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How to carry out effective user research

Building a new digital service can be hard. How do you know what features your users will need the most? Or what platform they’ll be most likely to use? Fortunately you don’t need to have all the answers yourself. In fact, you shouldn’t. Because that’s what user research is for. 

User research is not the same as market research, and 1:1 interviews will give you more valuable, in-depth insights than surveys and focus groups. The point of user research is to find out about your users’ attitudes, behaviour, goals and challenges. It’s about uncovering how they see the world, and how they behave in it. If you understand this, you can design and build a service that users’ need, not what you think they need.

Before starting any user research, think about the people you’re engaging with. Put yourself in their shoes. This will help you decide how best to interview your users and how to make them feel at ease in the session. Anything from cups of tea to ice-breakers can help build rapport and trust.

Tips for effective user research


Don’t just ask users what they want

It’s often unrealistic to ask your users to guess what product or feature is likely to best solve their problems because they aren’t technology designers. It’s helpful to understand people’s preferences, but user research should go beyond that. For example, if a user says they want a certain feature you can ask them, ‘what would that help you to do?’ Asking this means you can understand what problem the feature solves, and when it’s needed.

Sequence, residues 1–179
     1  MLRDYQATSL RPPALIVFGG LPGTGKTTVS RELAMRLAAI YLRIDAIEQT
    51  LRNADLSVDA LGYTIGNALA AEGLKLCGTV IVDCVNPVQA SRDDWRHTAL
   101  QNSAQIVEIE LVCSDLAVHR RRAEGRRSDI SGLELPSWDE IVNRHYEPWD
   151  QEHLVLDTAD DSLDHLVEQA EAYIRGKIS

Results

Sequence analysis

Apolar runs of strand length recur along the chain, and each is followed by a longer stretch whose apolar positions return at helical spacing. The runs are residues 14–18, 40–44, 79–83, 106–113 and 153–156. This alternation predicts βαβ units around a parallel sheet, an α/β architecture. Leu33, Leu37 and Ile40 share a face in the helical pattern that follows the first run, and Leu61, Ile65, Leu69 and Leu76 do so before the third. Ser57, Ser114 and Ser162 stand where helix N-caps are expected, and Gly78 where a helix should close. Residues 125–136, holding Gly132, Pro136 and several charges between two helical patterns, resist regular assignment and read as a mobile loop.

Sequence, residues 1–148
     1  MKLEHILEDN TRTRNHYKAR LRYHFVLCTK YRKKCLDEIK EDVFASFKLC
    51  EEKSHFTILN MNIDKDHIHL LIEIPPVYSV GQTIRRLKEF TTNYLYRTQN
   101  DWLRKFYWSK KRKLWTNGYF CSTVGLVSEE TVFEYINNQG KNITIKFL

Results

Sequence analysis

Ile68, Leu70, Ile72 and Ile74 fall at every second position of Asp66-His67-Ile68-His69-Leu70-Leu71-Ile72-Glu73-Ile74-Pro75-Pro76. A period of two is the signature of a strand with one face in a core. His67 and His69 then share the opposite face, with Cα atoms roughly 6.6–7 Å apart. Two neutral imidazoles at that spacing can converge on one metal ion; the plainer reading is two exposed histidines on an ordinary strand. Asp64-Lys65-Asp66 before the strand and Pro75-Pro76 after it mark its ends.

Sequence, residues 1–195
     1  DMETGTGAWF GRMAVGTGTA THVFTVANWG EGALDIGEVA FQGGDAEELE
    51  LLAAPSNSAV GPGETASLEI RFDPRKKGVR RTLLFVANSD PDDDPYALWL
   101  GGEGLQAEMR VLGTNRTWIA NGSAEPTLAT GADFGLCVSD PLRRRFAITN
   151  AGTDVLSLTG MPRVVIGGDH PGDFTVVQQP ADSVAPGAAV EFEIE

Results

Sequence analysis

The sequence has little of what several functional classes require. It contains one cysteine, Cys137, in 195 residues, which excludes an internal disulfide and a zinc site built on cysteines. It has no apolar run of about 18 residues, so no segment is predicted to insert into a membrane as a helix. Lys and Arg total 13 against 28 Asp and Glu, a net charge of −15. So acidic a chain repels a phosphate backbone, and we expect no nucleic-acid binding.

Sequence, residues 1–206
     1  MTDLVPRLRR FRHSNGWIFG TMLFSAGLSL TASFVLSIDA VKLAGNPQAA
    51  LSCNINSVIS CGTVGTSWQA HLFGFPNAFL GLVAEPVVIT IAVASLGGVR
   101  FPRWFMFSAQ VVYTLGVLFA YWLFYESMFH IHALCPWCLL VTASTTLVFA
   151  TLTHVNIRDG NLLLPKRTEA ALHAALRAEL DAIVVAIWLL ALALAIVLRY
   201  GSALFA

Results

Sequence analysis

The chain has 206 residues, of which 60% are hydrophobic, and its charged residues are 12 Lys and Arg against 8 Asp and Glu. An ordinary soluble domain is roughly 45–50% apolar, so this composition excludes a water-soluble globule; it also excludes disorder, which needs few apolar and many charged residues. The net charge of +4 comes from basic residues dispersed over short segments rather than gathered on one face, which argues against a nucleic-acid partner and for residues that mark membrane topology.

A second reason you don’t just ask what someone wants is because people aren’t able to articulate solutions they don’t know about yet. There’s a famous saying in user research circles called ‘faster horses’. It supposedly comes from Henry Ford who said that if he’d only listened to what people asked for, he would never have built a car. Instead he’d have created faster horses, because that’s the mode of transport people were used to, and that’s what they were limited to thinking about.


Don’t ask what someone will do

Similarly, asking someone if they will do something, or are likely to use a product or service, is unhelpful. People say they will do all sorts of things and may mean it at the time. But it’s not good evidence to build a product or service on. If you have a question in an interview that says, ‘would you be likely to do x in the future?’, scrap it. It’s more valuable to ask about their real past behaviours than their hypothetical future behaviours. But if you really want to know if people will do something, build a prototype and test it.


Observe and document users’ behaviours

Use different methods to uncover user’s problems, attitudes, goals and habits. For example, you might spend time observing how users work (called contextual inquiry). You could ask them to walk you through a task they do step-by-step or to complete a diary study, noting down things they do during certain times in the week. All of these aim to get as close as possible to documenting the activity as it happens.

If you only have users’ reported behaviour to go on, focus on specifics. For example, if you’re exploring people’s digital habits and can’t observe them directly, ask them to describe a particular time they used a specific device recently (eg in the last month). What did they use it for? Why did they choose that device?


Remember that recruiting users for interviews is always the biggest problem